What are Flexible Work Arrangements?

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  • Written By: Malcolm Tatum
  • Edited By: Bronwyn Harris
  • Last Modified Date: 18 November 2019
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Flexible work arrangements are various types of work situations that are outside the scope of the traditional work setting and structure. Arrangements of this type are often employed as a means of reducing operating costs, or as concessions to valuable employees who are not in a position to work in a more traditional environment. There are several different approaches to flexible work arrangements today, including options that rely heavily on technology to make them possible.

One of the oldest examples of flexible work arrangements is known as flextime. Short for flexible time, this approach calls for scheduling work time based on need and circumstance, rather than sticking to a set schedule from week to week. For example, the employee may work afternoons and early evenings for a couple of days, then switch to working mornings and early afternoons for a day, off a couple of days, then go in at noon the following day. Generally, employees who work with a flextime schedule are considered full-time employees, and have all the benefits afforded to employees who work a set schedule each week.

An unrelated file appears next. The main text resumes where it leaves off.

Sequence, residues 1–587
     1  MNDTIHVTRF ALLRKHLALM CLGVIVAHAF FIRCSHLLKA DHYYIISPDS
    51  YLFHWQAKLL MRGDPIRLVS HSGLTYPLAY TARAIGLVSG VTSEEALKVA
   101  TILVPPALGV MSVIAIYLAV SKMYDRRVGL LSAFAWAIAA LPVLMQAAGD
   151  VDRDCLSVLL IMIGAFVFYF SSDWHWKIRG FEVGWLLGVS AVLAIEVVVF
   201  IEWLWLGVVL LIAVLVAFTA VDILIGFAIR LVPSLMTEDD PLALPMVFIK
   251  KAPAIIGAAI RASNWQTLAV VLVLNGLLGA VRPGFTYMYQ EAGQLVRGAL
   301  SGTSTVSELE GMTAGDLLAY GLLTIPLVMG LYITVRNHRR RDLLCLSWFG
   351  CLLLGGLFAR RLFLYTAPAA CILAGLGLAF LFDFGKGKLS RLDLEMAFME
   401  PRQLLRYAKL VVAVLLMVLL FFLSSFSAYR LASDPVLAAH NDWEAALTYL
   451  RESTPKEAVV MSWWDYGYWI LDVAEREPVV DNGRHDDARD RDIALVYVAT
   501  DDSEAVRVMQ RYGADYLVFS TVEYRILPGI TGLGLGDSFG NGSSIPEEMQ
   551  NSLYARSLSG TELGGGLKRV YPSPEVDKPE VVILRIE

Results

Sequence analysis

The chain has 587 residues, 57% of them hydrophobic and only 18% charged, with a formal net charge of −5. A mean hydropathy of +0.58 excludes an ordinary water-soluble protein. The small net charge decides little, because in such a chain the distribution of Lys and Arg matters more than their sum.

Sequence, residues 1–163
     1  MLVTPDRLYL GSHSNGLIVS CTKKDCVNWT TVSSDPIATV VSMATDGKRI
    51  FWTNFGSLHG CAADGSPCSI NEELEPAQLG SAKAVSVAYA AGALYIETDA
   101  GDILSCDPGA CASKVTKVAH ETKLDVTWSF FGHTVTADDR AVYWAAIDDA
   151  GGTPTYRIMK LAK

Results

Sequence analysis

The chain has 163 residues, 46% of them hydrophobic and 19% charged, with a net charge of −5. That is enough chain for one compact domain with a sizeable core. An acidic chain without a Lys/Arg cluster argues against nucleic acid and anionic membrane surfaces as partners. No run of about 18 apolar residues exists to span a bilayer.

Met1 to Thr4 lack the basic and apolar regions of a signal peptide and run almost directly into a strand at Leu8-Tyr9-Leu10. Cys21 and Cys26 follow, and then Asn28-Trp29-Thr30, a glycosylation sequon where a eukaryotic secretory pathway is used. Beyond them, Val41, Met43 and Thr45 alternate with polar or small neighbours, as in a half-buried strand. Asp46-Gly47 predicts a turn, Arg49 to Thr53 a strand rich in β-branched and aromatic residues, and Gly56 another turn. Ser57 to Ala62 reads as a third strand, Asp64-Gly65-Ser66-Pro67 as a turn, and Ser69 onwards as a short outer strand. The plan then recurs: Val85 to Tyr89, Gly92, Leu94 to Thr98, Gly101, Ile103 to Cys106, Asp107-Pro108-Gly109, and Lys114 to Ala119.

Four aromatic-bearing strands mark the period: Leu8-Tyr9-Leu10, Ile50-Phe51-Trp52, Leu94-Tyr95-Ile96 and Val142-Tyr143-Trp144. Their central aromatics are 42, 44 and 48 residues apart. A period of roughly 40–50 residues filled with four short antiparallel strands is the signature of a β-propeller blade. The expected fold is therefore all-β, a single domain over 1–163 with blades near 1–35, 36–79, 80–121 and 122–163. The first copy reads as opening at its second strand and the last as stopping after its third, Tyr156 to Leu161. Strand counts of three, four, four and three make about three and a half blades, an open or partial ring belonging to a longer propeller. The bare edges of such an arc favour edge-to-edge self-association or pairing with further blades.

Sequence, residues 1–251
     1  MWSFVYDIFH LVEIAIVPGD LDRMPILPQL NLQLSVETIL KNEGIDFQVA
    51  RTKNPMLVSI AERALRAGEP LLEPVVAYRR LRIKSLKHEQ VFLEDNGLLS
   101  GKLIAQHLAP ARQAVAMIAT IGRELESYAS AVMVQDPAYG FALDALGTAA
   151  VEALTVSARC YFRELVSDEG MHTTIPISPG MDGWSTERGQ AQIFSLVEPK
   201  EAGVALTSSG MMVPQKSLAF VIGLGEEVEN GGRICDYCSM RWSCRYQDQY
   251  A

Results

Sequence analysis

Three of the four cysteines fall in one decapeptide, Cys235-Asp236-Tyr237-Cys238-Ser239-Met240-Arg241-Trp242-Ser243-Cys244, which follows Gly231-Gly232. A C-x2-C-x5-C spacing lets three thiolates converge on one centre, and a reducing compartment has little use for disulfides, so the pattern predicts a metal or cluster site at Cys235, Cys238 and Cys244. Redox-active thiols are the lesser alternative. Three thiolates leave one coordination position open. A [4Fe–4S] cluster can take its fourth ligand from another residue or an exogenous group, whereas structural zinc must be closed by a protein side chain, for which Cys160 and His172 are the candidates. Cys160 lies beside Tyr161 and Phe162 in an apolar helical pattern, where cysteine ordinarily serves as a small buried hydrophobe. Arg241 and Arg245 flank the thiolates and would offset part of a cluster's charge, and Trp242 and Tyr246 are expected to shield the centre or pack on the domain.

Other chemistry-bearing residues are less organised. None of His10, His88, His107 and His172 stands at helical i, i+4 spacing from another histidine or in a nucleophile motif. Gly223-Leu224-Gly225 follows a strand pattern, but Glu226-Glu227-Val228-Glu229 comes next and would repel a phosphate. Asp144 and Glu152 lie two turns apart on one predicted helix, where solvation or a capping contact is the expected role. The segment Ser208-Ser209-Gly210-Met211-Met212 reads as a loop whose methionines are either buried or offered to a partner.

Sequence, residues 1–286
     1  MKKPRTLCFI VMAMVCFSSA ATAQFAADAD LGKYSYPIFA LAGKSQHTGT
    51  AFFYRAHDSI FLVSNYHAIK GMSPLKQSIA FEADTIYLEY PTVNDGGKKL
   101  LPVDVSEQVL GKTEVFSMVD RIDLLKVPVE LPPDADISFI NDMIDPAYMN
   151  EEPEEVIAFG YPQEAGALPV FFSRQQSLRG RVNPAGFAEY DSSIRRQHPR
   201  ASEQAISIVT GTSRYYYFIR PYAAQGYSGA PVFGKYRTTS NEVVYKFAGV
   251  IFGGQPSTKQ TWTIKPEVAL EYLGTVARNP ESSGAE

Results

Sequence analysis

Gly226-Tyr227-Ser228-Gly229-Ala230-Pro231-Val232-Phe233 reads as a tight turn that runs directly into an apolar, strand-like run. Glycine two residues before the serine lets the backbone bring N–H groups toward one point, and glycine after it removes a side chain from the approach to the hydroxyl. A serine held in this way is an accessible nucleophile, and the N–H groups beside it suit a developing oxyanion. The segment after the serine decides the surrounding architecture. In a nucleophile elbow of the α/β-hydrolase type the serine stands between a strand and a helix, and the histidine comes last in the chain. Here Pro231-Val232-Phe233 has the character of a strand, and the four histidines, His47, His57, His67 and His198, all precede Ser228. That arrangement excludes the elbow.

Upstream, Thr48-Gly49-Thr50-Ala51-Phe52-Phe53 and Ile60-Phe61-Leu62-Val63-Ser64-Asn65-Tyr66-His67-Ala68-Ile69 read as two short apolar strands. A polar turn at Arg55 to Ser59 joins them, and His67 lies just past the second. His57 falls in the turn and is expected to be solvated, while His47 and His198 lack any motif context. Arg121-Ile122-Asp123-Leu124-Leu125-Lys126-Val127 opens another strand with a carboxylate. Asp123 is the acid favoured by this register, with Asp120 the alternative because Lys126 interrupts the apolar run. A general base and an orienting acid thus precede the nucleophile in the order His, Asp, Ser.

Job sharing is another approach to flexible work arrangements. This concept can be used in conjunction with flextime, or as a stand-alone approach. The job sharing idea calls for two or more employees to share the same position, coordinating their efforts so that all necessary tasks are complete. A situation of this type may call for one employee to work mornings, while the second employee works afternoons, with the combined hours worked equaling a full workday. Students or other individuals who want part-time work only often find this approach an ideal fit.

Compressed work weeks are also a common example of flexible work arrangements. This method calls for working more hours each day, but fewer days each week. A common approach in the healthcare field, many nurses enjoy compressed schedules that allow them to work longer shifts three days each week, then have the remainder of the week free.

Telecommuting is another form of flexible work arrangements that has become very popular in recent years. Thanks to Internet technology, it is possible to establish a fully functional workstation away from the employer’s site. Employees have the benefit of not having to endure traffic to get to and from work, while still enjoying the benefits of employment with the firm. Employers can use this model to create a virtual office environment, eliminating the need and expense of a central administrative facility.

Reduced-time and part-time arrangements are also options with flexible work schedules. This approach can be employed as an overlay with telecommuting, job sharing, and other methods with relative ease. Part-time and reduced-time arrangements can also be utilized on a temporary basis, allowing employees additional time to deal with some type of personal emergency or crisis while still retaining their employment. Once the issue is resolved, the employee can return to his or her usual schedule.



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